most people think of the Caribbean, they think of cruise ships, white sand and
sunshine. It’s the latter that may turn out to be most important for these
islands. The island nations of the Caribbean may pay high prices for things
they need to import, but when it comes to sunshine, they’ve got plenty. That’s
why, in the face of a failing Petrocaribe and rising energy prices, Caribbean islands are likely to turn to
solar power to shore up their energy requirements.
zoom in on the Caribbean and look at Jamaica for a moment. The country receives
5 times their annual energy requirement in solar radiation, but only 1% of the country’s energy demand is being met via solar. This in spite of
the fact that,renewable energy is 40% cheaper than energy from fossil fuel (both in
Jamaica and other islands in the Caribbean as well). That’s why Jamaica is
aiming to incorporate renewable energy, to the tune of 20% of their total energy needs by 2030.
nations are diverse, but they all enjoy an immense amount of sunshine which ties
them together as an excellent area for implementing widespread solar power.
Banks and lending institutions are beginning to help fund these projects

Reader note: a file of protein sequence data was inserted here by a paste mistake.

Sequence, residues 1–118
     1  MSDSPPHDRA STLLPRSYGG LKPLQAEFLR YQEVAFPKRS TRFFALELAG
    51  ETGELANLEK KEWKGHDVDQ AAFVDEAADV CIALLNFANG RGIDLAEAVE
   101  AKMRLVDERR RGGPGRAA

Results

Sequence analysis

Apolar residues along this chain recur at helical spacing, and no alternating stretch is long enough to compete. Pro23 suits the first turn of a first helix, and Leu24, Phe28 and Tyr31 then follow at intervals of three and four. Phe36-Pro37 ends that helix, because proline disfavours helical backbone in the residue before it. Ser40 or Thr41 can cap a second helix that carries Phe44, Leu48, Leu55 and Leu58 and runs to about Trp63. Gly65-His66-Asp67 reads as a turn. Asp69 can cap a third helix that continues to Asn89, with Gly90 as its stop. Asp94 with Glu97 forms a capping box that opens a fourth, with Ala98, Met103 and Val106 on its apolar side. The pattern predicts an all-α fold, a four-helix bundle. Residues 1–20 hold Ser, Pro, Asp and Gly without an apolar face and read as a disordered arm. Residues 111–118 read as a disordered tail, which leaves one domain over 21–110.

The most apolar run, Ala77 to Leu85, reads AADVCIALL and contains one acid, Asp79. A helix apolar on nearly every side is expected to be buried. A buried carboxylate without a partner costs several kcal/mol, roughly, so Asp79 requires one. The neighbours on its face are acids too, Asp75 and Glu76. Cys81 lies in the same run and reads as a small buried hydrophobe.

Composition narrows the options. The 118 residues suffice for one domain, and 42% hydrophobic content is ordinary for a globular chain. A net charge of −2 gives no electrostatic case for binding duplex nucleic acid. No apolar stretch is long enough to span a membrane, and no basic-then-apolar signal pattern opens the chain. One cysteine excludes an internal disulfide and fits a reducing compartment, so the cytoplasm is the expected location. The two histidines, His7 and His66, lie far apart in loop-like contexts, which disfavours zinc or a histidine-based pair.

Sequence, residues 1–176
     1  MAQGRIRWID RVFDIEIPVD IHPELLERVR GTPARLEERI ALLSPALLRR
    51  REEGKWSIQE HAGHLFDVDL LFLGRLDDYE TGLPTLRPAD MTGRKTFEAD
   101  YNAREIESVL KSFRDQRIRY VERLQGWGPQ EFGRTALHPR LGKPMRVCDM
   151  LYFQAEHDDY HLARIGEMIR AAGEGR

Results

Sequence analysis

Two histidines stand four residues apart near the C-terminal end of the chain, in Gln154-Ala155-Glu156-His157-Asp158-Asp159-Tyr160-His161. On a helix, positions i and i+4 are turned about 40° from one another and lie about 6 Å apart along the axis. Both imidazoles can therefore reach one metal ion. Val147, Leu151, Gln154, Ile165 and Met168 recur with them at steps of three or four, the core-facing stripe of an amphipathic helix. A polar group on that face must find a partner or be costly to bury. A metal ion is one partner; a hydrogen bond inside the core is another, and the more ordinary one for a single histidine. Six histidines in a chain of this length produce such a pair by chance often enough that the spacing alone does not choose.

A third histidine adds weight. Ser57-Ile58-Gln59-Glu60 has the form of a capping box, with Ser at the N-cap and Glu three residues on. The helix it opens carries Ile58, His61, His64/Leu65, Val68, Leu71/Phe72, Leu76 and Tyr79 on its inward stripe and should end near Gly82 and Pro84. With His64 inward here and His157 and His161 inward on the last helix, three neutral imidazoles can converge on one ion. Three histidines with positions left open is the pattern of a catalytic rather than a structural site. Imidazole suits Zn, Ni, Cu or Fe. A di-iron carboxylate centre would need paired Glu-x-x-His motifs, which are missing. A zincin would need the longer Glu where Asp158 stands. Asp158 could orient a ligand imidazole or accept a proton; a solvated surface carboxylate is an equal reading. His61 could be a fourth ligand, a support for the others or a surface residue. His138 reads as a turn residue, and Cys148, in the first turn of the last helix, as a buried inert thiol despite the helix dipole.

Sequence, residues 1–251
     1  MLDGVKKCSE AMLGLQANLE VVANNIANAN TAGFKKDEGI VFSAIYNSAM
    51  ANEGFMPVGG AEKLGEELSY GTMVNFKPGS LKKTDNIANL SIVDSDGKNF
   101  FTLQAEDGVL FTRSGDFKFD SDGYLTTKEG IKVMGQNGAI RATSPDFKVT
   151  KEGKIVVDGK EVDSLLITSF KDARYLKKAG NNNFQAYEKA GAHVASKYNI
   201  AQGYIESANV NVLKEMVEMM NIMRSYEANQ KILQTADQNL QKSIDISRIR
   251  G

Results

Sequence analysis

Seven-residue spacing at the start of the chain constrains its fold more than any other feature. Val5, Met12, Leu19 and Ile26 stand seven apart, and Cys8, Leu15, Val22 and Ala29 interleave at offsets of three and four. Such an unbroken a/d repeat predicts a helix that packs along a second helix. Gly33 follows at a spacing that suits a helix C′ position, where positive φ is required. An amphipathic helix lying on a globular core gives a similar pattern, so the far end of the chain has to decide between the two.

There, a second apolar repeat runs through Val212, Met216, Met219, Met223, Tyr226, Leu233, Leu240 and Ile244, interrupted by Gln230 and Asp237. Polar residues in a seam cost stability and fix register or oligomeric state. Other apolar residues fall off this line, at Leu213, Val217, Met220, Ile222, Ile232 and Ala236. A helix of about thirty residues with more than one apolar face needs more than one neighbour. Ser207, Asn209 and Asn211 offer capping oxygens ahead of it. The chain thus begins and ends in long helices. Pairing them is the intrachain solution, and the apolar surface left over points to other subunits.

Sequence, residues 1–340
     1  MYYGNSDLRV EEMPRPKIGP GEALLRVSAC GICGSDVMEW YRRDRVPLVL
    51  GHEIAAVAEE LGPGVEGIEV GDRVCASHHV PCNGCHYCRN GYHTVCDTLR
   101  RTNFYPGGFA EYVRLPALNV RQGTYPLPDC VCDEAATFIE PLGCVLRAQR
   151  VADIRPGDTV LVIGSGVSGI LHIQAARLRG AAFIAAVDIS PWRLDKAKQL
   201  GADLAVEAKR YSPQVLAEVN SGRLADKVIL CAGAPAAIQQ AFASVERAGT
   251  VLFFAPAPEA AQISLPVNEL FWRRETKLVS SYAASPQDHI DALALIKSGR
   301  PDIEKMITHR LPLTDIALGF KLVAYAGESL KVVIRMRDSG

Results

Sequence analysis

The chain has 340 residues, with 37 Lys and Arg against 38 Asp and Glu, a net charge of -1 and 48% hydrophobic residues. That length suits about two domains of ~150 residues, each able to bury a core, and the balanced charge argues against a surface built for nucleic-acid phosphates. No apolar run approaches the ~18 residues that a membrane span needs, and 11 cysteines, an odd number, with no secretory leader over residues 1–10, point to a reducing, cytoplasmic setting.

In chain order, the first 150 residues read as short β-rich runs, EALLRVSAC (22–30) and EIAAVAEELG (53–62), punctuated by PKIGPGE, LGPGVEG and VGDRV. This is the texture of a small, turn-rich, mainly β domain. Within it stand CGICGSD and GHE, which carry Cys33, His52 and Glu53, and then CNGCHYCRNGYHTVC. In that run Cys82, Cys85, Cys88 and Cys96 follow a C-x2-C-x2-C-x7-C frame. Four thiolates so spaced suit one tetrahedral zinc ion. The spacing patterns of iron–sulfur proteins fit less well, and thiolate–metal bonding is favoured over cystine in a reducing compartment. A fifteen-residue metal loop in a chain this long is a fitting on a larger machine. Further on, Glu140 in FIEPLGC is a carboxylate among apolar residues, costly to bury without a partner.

throughout the Caribbean, notably in Barbados, which is hoping to create the largest rooftop solar system south of Puerto Rico.
course, any time solar is mentioned, it should also be coupled with a
discussion about incorporating storage with that solar. Energy storage technology not only helps “capture” solar energy
for use during non-sunny periods, but it can also smooth out minor fluctuations during any period. In order to foster
widespread adoption of solar power, and obtain the maximum benefit from it, energy
storage must be incorporated into the equation.
Caribbean countries don’t need to store energy for very long, since they get so
much sun each day. For most of these countries, energy storage will simply help
to smooth out small fluctuations from passing clouds during the day and of
course store energy for use during night time hours. Many Caribbean countries
are likely to implement site-specific solutions, such as pumped hydro, to store
energy. However, the geographic requirements of these solutions make them less
than optimal, if not impossible, for every situation. Revisiting Jamaica for a
moment, we see that while pumped hydro can be implemented near “viable
waterways,” according to a report from WorldWatch.org, it is battery storage technology that will
most likely be the country’s near term solution.
focus on Jamaica is due to its trade imbalance - the cost of its imported oil
was nearly quadruple the value of the
island’s exports in 2012. However, islands across the Caribbean
are currently dependent on imported oil. Meanwhile, the technical potential for renewable energy
development across the Caribbean is astonishing.
Renewable energy solutions, like solar, could very well represent a sustainable
future for these islands.